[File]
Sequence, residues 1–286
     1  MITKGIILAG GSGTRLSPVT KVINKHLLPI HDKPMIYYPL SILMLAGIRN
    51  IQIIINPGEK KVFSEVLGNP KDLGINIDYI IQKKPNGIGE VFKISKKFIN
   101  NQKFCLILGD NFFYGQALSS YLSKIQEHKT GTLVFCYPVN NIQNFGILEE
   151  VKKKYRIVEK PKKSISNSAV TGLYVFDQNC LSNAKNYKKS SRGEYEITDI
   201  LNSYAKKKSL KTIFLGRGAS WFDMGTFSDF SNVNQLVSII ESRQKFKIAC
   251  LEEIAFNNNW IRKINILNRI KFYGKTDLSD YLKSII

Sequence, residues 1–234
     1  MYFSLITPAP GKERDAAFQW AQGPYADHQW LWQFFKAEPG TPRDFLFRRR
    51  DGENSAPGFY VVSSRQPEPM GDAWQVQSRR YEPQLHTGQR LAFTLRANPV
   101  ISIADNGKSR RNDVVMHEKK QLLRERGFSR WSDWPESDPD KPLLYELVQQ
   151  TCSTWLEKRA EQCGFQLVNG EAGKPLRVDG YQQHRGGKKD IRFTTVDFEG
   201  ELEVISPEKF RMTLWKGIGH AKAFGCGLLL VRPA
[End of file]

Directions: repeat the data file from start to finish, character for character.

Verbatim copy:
Sequence, residues 1–286
     1  MITKGIILAG GSGTRLSPVT KVINKHLLPI HDKPMIYYPL SILMLAGIRN
    51  IQIIINPGEK KVFSEVLGNP KDLGINIDYI IQKKPNGIGE VFKISKKFIN
   101  NQKFCLILGD NFFYGQALSS YLSKIQEHKT GTLVFCYPVN NIQNFGILEE
   151  VKKKYRIVEK PKKSISNSAV TGLYVFDQNC LSNAKNYKKS SRGEYEITDI
   201  LNSYAKKKSL KTIFLGRGAS WFDMGTFSDF SNVNQLVSII ESRQKFKIAC
   251  LEEIAFNNNW IRKINILNRI KFYGKTDLSD YLKSII

Sequence, residues 1–234
     1  MYFSLITPAP GKERDAAFQW AQGPYADHQW LWQFFKAEPG TPRDFLFRRR
    51  DGENSAPGFY VVSSRQPEPM GDAWQVQSRR YEPQLHTGQR LAFTLRANPV
   101  ISIADNGKSR RNDVVMHEKK QLLRERGFSR WSDWPESDPD KPLLYELVQQ
   151  TCSTWLEKRA EQCGFQLVNG EAGKPLRVDG YQQHRGGKKD IRFTTVDFEG
   201  ELEVISPEKF RMTLWKGIGH AKAFGCGLLL VRPA